a cooling curve

I expect that when something cools, it will get cooler in a plodding kind of way. That’s true, but when something changes state, the cooling is not so steady.
The graph below shows how liquid stearic acid cools and turns solid. You’ll notice a kink in the graph as it sets. The reason for the kink is that during the change of state, heat energy is released as the stearic acid turns solid. How do we know this? Hopefully this experiment will make that clearer.

Unusually, there are two temperature sensors to measure the cooling. One is in the stearic acid, and one is in some water next to it.

What we did
We heated a tube of stearic acid till it melted. We then placed the tube in some cool water and measured the temperature of the tube and the water.

Our results

You will find some of the following questions easier if you put these results into your data logging software. Click here to get the results, look for other files called cooling.

Looking at the results

  • Stearic acid is a liquid at 90 degrees Celcius and a solid at room temperature. At what temperature does it appear to setting into a solid?
  • How does the graph show you that the stearic acid is getting cooler?
  • The temperature continues to fall after it has set solid. Why?
  • What happens to the temperature of the water all this time? Where does the water gain its heat from?
  • Why doesn’t the temperature of the stearic acid change as it sets solid? (Read the introduction above).
  • The temperature of the stearic acid doesn’t change as it sets solid. What evidence is there that it is actually losing heat?
  • What do you think would happen to the graphs if we had kept taking results for another 10 minutes.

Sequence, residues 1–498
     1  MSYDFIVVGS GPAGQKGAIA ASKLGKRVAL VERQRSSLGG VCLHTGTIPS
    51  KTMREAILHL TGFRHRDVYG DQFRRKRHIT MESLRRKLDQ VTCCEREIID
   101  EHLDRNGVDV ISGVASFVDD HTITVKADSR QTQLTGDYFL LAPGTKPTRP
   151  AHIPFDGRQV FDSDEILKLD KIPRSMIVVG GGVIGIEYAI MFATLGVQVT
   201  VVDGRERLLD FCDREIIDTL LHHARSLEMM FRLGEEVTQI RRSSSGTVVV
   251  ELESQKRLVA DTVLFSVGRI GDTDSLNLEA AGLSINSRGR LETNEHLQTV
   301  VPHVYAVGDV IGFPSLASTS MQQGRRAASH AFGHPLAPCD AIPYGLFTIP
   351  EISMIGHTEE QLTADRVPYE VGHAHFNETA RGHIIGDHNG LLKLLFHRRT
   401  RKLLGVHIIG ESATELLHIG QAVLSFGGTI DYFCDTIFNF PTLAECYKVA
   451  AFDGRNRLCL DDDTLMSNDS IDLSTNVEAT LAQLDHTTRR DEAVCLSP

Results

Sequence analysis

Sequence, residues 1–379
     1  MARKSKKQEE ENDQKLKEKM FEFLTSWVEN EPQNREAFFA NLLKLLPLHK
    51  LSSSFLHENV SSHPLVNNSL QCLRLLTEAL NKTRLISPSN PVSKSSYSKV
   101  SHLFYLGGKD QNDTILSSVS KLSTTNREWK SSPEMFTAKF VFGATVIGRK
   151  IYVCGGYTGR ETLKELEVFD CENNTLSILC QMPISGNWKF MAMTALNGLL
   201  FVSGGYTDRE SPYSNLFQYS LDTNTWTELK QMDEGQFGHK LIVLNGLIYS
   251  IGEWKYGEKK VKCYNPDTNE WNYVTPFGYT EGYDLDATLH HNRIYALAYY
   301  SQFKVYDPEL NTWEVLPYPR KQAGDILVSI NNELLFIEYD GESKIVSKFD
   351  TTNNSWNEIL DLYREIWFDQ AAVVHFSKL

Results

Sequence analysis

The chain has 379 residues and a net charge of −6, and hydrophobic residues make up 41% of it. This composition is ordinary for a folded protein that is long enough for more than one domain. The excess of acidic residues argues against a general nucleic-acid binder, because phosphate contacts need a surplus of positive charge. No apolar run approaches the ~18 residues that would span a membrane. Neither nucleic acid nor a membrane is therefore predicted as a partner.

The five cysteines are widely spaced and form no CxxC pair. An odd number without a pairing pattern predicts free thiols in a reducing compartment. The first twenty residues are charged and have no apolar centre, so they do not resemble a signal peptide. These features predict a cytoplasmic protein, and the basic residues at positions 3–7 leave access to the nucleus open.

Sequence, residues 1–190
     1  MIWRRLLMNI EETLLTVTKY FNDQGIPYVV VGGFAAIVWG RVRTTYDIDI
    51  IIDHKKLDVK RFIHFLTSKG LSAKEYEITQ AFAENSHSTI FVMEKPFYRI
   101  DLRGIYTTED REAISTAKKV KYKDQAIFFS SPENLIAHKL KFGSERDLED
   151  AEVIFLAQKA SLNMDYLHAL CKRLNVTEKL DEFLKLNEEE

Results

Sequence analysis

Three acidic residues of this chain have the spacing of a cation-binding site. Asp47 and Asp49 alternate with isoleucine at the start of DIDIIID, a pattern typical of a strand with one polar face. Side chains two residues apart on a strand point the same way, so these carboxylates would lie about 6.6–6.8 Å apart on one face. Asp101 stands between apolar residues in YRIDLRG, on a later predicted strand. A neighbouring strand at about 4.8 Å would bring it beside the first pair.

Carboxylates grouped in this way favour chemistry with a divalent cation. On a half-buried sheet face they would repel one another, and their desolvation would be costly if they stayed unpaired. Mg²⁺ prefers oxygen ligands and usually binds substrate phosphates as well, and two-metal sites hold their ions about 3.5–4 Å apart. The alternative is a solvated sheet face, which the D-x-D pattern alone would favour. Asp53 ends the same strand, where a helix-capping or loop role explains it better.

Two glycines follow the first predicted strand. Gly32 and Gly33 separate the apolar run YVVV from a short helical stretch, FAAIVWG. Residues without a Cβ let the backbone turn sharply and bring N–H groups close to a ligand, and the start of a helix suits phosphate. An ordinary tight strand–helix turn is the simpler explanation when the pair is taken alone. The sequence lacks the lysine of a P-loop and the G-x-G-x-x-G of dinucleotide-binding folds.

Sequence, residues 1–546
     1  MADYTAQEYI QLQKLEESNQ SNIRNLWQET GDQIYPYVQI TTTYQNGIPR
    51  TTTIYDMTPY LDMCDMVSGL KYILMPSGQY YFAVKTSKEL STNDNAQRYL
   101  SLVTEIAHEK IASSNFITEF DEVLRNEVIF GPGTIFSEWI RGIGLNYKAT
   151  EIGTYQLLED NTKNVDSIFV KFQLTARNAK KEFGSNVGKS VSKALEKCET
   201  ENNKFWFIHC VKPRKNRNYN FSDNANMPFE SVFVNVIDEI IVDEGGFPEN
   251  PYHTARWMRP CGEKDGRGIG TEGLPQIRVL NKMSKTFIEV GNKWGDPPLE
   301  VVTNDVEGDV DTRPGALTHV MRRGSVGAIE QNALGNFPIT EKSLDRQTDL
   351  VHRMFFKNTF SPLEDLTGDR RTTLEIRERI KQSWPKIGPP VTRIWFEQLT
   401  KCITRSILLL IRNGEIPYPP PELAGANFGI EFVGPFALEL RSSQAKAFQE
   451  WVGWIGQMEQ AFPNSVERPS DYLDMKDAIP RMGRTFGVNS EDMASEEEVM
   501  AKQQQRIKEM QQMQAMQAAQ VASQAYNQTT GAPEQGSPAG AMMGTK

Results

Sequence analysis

• What you might think about
  • If you heated some ice, would it melt and produce a steady or a kinked graph?
  • If you froze some water, would it freeze and produce a steady or a kinked graph?
  • Do a similar experiment but study the cooling curve of a mixture instead of pure stearic acid. Your graph will look quite different from this one, so give a reason for this.

8 Responses

  1. tanuj says:

    can the temperature go low when you heat things up?

    • roger says:

      Hello – in this setup, I can’t imagine that the temperature would go down when you heat things up. (If I fail to stir or agitate the tubes as they’re heated odd things CAN appear to happen). I am prepared to believe that there’s a chemical that does that somewhere in this world – but it’s not in any classroom or school exam.

  2. vian says:

    would anything change if you were to use more steric acid in the experiment?

    • roger says:

      I wonder what you think might change.
      The science says that the shape of the graph stays the same. We never ever bothered to weigh the stearic acid.

      Perhaps the times change. Maybe the temperatures do.

  3. David says:

    How do you decide how long you should continue with the investigation. Do I wait till the stearic acid reaches room temperature or is there a set time limit where I should stop the experiment?

    • roger says:

      You can stop when the stearic acid curve shows a plateau and then cools at different rate. That’ll happen when it’s dropped to 80′ degrees.
      If you don’t see a plateau try again … I put the boiling tube, stearic acid and probe in a beaker get these all at say 95 -100′. Start recording and then remove the tube to the beaker water (at room temp).

  4. tal says:

    i was wondering if you could explain how the molecules change as stearic acid is changing from a liquid to a solid? and also, how the forces and bonds change with this (if they even do). its for a research project and i cannot find anything online that goes into detail about this

    • roger says:

      Thank you – you ask a really good question about what’s going on. I can guess at an answer but you deserve a better answer.

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